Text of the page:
As we start to emerge from the pandemic, low-income renters are facing perilous financial circumstances. At the same time, California is experiencing a housing shortage and affordability emergency, leading to more and more people facing housing insecurity. Today we have an important opportunity to reimagine our housing system to support economic inclusion and shared prosperity. Housing can and should be a building block for a better world post-COVID.
According to a study from the Terner Center for Housing Innovation at UC Berkeley, 62% of affordable housing tenants who missed a rent payment in April 2020 had not caught up by December 2020. California recently extended the state’s eviction moratorium until September in order to stem the displacement of low-income residents, but this is a stopgap measure that doesn’t address the root of the problem.
The consequences of rental arrears are exacerbated by the state’s insufficient supply of housing. The state has been unable to keep up with population growth since the 1980’s, and California will need to build 180,000 homes per year through 2025 to meet demand according to a recent survey by the state Department of Housing and Community Development. Currently, 80,000 homes are built each year. When housing supply does not meet demand, prices increase, and communities suffer.
Solutions must be equity-centered
A recent report revealed that for every 100 households in California that earn an extremely low income, only 24 affordable rental units are available. Concurrently, Black, Indigenous, and Latinx households are far more likely to be paid poverty-level wages than white households, which has profoundly contributed to the fact that more than two-thirds of Californians with unaffordable housing costs are Black, Indigenous or People of Color.
There simply isn’t nearly enough affordable housing in California. According to the California Housing Partnership, 1.97 million of the 5.89 million renter households in California come from the two lowest income groups – extremely low-income (ELI) and very low-income (VLI). Meanwhile, only 668,000 rental homes are affordable and available to households at these income levels, resulting in a shortfall of 1.30 million affordable rental homes.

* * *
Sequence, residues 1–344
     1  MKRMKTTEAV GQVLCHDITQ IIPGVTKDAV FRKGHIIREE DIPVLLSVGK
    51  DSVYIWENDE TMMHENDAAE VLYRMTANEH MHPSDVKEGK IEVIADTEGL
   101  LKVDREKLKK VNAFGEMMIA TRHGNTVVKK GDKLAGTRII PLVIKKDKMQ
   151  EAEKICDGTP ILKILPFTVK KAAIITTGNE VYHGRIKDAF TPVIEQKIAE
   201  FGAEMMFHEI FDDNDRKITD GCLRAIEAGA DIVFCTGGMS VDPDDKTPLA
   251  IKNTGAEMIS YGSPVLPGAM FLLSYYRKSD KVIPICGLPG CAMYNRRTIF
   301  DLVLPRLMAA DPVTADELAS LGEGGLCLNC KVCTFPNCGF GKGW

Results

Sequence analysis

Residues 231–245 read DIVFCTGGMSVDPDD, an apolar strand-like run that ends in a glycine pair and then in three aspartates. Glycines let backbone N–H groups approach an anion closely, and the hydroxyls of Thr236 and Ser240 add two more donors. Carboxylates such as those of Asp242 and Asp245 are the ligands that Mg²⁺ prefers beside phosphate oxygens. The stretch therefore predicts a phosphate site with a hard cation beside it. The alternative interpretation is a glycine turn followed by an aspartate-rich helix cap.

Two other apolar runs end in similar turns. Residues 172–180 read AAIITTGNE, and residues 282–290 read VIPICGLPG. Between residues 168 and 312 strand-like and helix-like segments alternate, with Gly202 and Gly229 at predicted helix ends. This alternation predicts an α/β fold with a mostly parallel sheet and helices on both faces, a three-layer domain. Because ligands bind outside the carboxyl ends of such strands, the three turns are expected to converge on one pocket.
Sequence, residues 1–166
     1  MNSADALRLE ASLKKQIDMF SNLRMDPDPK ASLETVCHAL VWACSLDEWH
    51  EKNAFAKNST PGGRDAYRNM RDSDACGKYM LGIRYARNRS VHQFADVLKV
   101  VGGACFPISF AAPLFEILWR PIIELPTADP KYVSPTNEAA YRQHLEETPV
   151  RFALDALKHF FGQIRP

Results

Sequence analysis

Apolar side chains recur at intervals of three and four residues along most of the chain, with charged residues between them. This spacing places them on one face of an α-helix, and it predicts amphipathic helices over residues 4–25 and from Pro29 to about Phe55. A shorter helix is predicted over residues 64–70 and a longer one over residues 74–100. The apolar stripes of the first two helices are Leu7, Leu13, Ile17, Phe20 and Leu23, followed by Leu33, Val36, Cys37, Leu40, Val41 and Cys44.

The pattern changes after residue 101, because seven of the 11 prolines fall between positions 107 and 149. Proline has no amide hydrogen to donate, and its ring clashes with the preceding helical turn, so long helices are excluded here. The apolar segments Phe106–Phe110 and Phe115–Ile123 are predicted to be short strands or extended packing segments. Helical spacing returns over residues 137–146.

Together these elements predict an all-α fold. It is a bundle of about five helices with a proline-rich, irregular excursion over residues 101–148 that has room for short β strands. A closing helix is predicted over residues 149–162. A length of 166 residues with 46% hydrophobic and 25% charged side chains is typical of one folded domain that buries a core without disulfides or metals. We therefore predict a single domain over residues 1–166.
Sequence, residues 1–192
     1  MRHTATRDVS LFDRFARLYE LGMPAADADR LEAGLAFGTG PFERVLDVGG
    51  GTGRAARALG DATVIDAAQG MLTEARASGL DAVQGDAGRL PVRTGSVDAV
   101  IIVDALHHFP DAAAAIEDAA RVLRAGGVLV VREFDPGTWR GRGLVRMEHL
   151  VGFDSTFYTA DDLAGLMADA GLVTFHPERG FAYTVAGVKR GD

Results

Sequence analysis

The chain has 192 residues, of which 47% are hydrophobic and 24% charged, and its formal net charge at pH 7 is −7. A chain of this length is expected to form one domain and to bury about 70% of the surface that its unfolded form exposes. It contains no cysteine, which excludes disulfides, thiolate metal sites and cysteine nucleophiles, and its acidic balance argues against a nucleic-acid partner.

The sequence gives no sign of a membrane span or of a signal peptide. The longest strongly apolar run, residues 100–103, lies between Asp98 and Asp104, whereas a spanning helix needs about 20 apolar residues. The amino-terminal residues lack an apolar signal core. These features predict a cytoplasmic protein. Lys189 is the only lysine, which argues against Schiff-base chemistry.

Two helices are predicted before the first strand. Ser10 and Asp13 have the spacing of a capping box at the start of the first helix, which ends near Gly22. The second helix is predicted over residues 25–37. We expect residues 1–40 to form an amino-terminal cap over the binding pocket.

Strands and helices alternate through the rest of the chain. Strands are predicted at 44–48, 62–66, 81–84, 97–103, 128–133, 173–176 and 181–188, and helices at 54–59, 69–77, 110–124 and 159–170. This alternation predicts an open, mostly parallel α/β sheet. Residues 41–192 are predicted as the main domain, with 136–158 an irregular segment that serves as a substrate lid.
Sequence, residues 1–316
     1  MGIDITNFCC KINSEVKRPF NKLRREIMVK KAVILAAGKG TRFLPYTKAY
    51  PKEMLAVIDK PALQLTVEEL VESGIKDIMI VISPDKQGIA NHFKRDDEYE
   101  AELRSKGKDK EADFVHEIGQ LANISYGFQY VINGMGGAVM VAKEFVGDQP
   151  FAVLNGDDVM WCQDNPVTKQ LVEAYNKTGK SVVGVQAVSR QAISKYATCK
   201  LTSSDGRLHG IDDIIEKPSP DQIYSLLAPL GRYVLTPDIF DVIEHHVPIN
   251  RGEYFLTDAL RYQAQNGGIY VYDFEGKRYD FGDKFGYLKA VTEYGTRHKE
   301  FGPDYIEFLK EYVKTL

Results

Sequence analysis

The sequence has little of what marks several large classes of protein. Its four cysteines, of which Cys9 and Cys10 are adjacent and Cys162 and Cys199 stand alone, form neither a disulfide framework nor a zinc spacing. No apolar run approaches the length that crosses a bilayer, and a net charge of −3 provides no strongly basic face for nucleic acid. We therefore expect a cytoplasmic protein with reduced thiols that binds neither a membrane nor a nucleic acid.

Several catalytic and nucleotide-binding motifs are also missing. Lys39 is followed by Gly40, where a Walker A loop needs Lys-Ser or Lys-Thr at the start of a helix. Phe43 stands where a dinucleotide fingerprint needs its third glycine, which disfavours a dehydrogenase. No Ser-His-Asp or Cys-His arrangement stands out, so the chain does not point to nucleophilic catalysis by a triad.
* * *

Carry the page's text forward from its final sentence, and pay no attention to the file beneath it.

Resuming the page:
And once the pandemic started taking its toll on the economy, Black and Latinx renters were far more likely to fall behind on rent than their white counterparts. Black households have been hardest hit by the pandemic: more than 1 in 3 Black households missed a rent payment between April and December of 2020.
Guided by racial equity, we must work together to pass tenant protection and affordable housing policies, as well as aggressively invest in the preservation and production of affordable housing, to prevent a rise in evictions, homelessness, and housing insecurity.
Advancing people-powered housing policy
At the Partnership for the Bay’s Future, we developed the Policy Fund to move tangible solutions to protect tenants and to produce and preserve affordable housing through the process of government at the local level. The world around us is changing rapidly, presenting us with the most complex set of issues facing our region in more than a generation. This is a moment when we can advance equitable policies and solutions that are truly transformative for our communities – for today, and for the next generation of Bay Area residents.
The Policy Fund model strengthens local teams to pursue ambitious policy goals, while bridging people across the region and building momentum and synergy. We help connect local changemakers so that their efforts can be amplified across the region.
The Challenge Grants is the Policy Fund’s inaugural program, supporting tenant protections and affordable housing preservation. During a year of unprecedented challenges, the cohort has made remarkable progress in equitable and community-driven housing policy. With $3.5 million in grant funding, collaboration with over 50 community organizations, and seven dynamic fellows dedicated to this work in local government offices, Challenge Grant teams have drafted and proposed model policies, engaged thousands of local residents, and shown the power of collaboration across sectors and regions.
Launch of the Breakthrough Grants program
Building on the success of the Challenge Grants, the Policy Fund is launching the Breakthrough Grants for Housing Production and Preservation (“Breakthrough Grants”). This program will catalyze policy innovation in building and preserving affordable housing in local communities. In a time of tough COVID-related budget and staffing constraints, the Breakthrough Grants provide increased capacity and tailored technical assistance that will support local breakthroughs in equitable housing solutions.
The program is open to government entities in the Bay Area who apply in partnership with a community organization. The Policy Fund will select a cohort that proposes the most high-impact, yet realistically achievable plans to be a part of the Breakthrough Grants. Each Breakthrough Grant team will receive a support package valued at $500,000, including a Breakthrough Grant fellow who will work for the government partner, two years of grant funding for the community partner, and tailored cohort supports.
Applications are due July 30, 2021 and awards will be announced in the Fall. Be a part of the solution for a more equitable Bay Area and apply today at baysfuture.org/breakthrough-grants